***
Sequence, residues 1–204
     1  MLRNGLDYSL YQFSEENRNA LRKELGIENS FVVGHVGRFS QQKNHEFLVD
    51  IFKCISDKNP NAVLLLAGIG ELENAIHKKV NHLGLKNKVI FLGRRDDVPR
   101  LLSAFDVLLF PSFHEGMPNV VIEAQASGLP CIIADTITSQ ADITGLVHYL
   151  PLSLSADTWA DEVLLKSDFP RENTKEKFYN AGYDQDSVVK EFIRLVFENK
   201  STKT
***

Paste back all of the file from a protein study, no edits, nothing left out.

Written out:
Sequence, residues 1–204
     1  MLRNGLDYSL YQFSEENRNA LRKELGIENS FVVGHVGRFS QQKNHEFLVD
    51  IFKCISDKNP NAVLLLAGIG ELENAIHKKV NHLGLKNKVI FLGRRDDVPR
   101  LLSAFDVLLF PSFHEGMPNV VIEAQASGLP CIIADTITSQ ADITGLVHYL
   151  PLSLSADTWA DEVLLKSDFP RENTKEKFYN AGYDQDSVVK EFIRLVFENK
   201  STKT